Before flying to Israel this week, House Speaker John Boehner said the “animosity” exhibited by the Obama administration towards Israeli Prime Minister Benjamin Netanyahu is “reprehensible.”
The next day, the National Jewish Democratic Council issued a statement calling upon Boehner to stop politicizing the U.S.-Israeli alliance, having invited Netanyahu to address a joint session of Congress without White House knowledge.
Now, two leading Jewish members of the House, both Democrats, Nita Lowey (D-Westchester-Rockland) and Steve Israel (D-L.I.), are calling on both Washington and Jerusalem to “cool it.”
“The level of frustration that both sides have towards the other peaked with that Wall Street Journal story,” observed Israel, referring to a story last week that quoted senior White House officials as complaining that the Jewish state has been spying on the talks between Iran and six world powers.
“I now believe that both sides recognize it would be more constructive to work things out quietly than on the pages of the Wall Street Journal or [the Israeli newspaper] Haaretz,” he told The Jewish Week.
Lowey said the spying story “was one of the reasons I have said to the White House that it is time to cool it and dial back.”
“Our relationship is strong and must remain strong,” she told The Jewish Week. “I have been in Congress 26 years and … there have been ups and downs in the relationship between the U.S. and Israel over the years. The important thing is to dial it back because the relationship is key to the U.S. and Israel and the region.”
She said she and several of her colleagues “have conveyed to the administration that they must repair the relationship,” Lowey added.
Regarding the U.S. release on Feb. 12 of once sensitive information about Israel’s nuclear weapons program — which has never been officially confirmed — Lowey said she has asked the administration about it and is still awaiting a response. Asked if the timing of the material’s release — which the U.S. had withheld for three years despite a Freedom of Information request — related to the U.S.-Israel rift, Lowey replied: “If true, it would be very disturbing.”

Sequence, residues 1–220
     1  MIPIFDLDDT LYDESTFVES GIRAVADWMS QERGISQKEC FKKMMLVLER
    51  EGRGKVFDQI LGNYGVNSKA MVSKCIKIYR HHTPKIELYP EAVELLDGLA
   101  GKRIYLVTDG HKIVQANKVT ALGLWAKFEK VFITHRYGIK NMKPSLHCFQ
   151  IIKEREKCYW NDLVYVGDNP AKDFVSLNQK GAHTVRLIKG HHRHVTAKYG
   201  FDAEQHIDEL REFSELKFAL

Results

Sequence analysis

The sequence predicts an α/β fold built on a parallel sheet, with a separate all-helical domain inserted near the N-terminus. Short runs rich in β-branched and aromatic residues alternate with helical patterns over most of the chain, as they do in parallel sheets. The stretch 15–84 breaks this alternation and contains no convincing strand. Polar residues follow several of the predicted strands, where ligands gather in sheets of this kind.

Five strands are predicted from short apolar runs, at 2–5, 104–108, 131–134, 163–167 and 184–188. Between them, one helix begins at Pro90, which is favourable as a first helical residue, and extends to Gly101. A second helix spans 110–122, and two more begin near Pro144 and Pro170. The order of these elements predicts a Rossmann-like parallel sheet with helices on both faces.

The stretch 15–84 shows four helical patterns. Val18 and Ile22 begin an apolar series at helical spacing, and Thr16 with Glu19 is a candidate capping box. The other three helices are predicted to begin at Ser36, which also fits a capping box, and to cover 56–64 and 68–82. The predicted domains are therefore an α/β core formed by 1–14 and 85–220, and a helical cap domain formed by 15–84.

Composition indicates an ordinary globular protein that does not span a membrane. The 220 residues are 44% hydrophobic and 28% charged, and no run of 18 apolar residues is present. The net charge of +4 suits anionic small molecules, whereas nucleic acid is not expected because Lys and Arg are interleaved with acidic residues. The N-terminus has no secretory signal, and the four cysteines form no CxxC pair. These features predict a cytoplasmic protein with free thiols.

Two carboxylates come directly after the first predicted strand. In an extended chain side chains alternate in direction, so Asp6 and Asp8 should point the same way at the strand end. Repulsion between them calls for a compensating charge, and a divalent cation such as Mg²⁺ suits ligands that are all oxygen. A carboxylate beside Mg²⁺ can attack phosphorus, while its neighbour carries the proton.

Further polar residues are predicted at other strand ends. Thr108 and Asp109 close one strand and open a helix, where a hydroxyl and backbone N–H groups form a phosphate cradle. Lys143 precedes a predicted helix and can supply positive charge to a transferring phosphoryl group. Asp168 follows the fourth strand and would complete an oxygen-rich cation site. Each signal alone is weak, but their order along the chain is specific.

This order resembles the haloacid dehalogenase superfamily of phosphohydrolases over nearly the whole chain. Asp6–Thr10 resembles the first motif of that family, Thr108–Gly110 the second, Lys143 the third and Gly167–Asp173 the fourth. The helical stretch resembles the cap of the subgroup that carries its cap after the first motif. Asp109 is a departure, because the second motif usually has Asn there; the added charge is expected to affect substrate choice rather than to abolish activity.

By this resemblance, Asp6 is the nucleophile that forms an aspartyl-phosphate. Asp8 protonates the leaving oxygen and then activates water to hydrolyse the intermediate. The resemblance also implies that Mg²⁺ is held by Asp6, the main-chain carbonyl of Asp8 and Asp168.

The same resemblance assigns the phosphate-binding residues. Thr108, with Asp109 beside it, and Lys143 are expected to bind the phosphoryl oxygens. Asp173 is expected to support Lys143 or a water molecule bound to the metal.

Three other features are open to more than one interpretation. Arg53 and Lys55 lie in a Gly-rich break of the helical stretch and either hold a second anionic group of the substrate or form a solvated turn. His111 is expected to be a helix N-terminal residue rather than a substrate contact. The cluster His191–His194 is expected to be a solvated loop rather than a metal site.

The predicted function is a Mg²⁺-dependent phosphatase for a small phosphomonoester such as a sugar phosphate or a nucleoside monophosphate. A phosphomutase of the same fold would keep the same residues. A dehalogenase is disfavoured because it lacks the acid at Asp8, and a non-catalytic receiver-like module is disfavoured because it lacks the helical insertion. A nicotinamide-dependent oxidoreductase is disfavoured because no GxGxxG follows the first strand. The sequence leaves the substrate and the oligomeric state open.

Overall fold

But there has apparently been progress regarding efforts to renew a 40-year-old agreement in which the U.S. promised to provide Israel with fuel in an emergency. It was allowed to lapse late last year, but Lowey’s office said the State Department informed it that a new arrangement has now been agreed to in principle and is soon to be signed.
The Obama administration has suggested in recent weeks that the U.S. might no longer have Israel’s back should there be an attempt to impose a peace deal with the Palestinians.
That suggestion arose after Netanyahu said during the final hours of his re-election campaign last month that he no longer supported a Palestinian state. After winning, he issued a clarification, saying that although he still believed in a two-state solution, current conditions did not permit it.
The Obama administration declined to accept the clarification and announced it was reassessing its approach to Israeli-Palestinian peace in light of Netanyahu’s original comment.
“What has now changed is that our ally in those conversations, Israel, has indicated that they are not committed to that approach anymore,” explained White House spokesman Josh Earnest.